Gum disease, also known as Gingivitis, is an infection caused in the gums due to untreated plaque or tartar. When plaque builds up in your mouth and is left unwashed due to lack of oral hygiene, it hardens and forms into tartar. This can irritate the gum and cause infection, swelling, bleeding, and inflammation. However, it can be treated if caught at early stages. If you let the gum disease become more severe, it might become untreatable, leading to tooth loss.

Receding Gums

Receding gums is bound to happen if you have poor oral hygiene or gum disease, or it can happen naturally due to the age factor. The gums are designed to protect the bone, nerves, and roots of the teeth. When they recede and leave the teeth, roots, and nerves exposed, acidic and sugary items like chocolate can hit the roots and cause pain.

Teeth-Whitening Procedures

Teeth-whitening procedures have become a popular treatment for people looking to brighten their teeth. However, these treatments involve a substance called hydrogen peroxide. This must penetrate the teeth and reach the dentin for an effective procedure. This causes extreme sensitivity and discomfort in your mouth.

If you have recently had a teeth whitening procedure, the sugar from chocolate will actively target the sensitive path, causing pain.

How it Feels - Symptoms

If you suffer from any of the conditions mentioned above, eating your favorite candy bars can result in various sensations such as:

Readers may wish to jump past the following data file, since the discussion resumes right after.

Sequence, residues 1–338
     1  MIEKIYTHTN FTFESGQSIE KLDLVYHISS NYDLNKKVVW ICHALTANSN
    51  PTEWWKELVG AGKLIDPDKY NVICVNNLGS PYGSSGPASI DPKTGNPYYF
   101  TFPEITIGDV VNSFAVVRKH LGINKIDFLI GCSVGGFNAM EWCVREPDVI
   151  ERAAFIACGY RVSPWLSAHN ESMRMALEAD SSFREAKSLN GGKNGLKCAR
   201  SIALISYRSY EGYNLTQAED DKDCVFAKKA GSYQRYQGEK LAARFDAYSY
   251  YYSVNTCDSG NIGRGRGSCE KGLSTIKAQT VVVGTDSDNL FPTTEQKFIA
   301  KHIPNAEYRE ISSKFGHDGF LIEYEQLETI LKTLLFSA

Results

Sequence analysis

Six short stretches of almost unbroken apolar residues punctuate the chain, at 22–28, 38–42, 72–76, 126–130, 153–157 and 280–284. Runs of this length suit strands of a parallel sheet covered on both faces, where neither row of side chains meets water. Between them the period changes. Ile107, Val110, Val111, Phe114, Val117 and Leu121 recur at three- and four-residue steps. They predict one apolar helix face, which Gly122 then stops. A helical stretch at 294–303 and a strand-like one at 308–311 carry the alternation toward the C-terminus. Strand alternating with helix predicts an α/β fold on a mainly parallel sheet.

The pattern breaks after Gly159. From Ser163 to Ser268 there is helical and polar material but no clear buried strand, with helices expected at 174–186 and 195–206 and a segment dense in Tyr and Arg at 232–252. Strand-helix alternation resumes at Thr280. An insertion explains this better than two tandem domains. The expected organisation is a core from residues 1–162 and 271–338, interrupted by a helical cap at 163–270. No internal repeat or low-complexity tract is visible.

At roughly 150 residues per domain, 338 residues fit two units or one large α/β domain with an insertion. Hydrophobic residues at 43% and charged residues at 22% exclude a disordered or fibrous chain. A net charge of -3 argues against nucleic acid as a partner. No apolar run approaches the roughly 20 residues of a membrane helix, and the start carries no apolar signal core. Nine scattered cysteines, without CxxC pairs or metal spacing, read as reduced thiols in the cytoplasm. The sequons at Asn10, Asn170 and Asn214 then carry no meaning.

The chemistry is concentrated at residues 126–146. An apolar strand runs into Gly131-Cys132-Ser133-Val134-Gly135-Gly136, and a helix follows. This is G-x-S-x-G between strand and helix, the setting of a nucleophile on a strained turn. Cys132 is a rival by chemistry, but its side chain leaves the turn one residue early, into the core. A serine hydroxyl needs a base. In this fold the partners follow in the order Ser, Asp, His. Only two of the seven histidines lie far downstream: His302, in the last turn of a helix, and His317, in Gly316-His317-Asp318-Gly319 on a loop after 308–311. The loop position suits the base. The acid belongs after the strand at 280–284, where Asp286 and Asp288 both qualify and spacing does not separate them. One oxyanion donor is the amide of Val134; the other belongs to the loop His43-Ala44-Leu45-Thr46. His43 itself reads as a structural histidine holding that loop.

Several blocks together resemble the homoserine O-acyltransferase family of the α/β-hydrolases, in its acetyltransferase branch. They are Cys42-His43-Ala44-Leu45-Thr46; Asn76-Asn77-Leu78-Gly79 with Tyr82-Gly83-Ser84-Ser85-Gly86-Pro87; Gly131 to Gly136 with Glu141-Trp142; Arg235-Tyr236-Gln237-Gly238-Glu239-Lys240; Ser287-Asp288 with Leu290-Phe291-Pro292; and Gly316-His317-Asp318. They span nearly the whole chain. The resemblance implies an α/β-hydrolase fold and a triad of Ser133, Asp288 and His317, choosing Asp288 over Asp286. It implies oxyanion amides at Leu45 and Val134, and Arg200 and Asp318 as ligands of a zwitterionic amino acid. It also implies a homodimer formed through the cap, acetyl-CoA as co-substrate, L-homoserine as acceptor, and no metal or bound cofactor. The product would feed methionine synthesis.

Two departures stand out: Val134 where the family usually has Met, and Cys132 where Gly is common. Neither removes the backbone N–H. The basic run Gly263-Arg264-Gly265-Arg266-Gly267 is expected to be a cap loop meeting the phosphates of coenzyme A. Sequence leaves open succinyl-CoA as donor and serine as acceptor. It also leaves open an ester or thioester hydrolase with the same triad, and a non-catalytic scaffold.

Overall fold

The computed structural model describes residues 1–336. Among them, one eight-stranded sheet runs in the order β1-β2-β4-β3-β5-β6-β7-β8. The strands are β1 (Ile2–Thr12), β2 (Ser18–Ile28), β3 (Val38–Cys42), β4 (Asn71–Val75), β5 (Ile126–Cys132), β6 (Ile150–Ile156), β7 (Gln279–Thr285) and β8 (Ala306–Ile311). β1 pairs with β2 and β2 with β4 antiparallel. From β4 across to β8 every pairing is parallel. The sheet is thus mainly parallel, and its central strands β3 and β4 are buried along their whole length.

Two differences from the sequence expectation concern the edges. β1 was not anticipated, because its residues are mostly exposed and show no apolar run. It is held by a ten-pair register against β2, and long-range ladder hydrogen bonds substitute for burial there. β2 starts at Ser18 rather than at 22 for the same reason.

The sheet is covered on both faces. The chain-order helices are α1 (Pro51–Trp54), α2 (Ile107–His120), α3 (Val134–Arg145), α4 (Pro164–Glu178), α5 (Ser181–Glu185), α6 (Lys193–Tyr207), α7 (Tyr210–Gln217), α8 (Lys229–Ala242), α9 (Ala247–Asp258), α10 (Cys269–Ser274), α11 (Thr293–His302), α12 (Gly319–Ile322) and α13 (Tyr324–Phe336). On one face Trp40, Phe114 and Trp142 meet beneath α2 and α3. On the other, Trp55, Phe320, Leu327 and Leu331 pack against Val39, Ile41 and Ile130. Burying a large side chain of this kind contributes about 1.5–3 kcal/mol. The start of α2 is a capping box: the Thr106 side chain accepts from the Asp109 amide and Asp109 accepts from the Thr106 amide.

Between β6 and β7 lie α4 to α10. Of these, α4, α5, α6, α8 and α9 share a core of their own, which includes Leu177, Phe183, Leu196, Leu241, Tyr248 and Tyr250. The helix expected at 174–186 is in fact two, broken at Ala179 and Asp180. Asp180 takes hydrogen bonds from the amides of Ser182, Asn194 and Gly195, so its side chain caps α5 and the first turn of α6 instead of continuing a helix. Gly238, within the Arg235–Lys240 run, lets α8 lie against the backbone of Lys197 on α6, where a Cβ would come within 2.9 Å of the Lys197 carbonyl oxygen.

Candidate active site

• Aching
  • Tingling
  • Sharp and intense pain
  • Pain in your eyes, side of the face, or sinuses

What Can You Do About it? - Treatment

If you use a toothbrush with hard bristles, switch to a softer one that does not continue damaging the enamel. However, that won’t make up for the enamel loss previously. You can use specialized toothpaste designed to rebuild enamel.

You must consult the dentist if you have cavities. Untreated cavities can lead to immense pain and tooth loss. Filling the cavity holes as soon as possible will go a long way and let you enjoy your favorite treats.

Gum diseases (gingivitis) should be treated as early as possible. Regular brushing will help you get rid of them at the early stages. If the symptoms continue to exist or get more prominent, it is best to consult a dentist for the best treatment. If gingivitis is not treated timely, it leads to periodontitis, which is hard to treat and can even cause tooth loss.

If you have receding gums, you should consult a dentist. Luckily, there are several treatments for receding gums, including scaling, deep cleaning, and grafting. If the condition is not too severe, you might get away with only topical antibiotics.

The effects of a teeth-whitening procedure last a few days. If you have had it recently, try waiting for a bit before you get this procedure.



Lori Gilmore

Lori Gilmore

Lori has been a Culinary Arts instructor for twenty years. She has taught in the public school setting, at the collegiate level and through adult continuing education as well as running several cooking and baking camps for children. She has participated in several cooking, cake & chocolate contests and has been well recognized. She has raised thousands of dollars for charities using the byline “Saving the World one Cupcake at a Time”. Additionally, she has had several articles regarding food published in various magazines.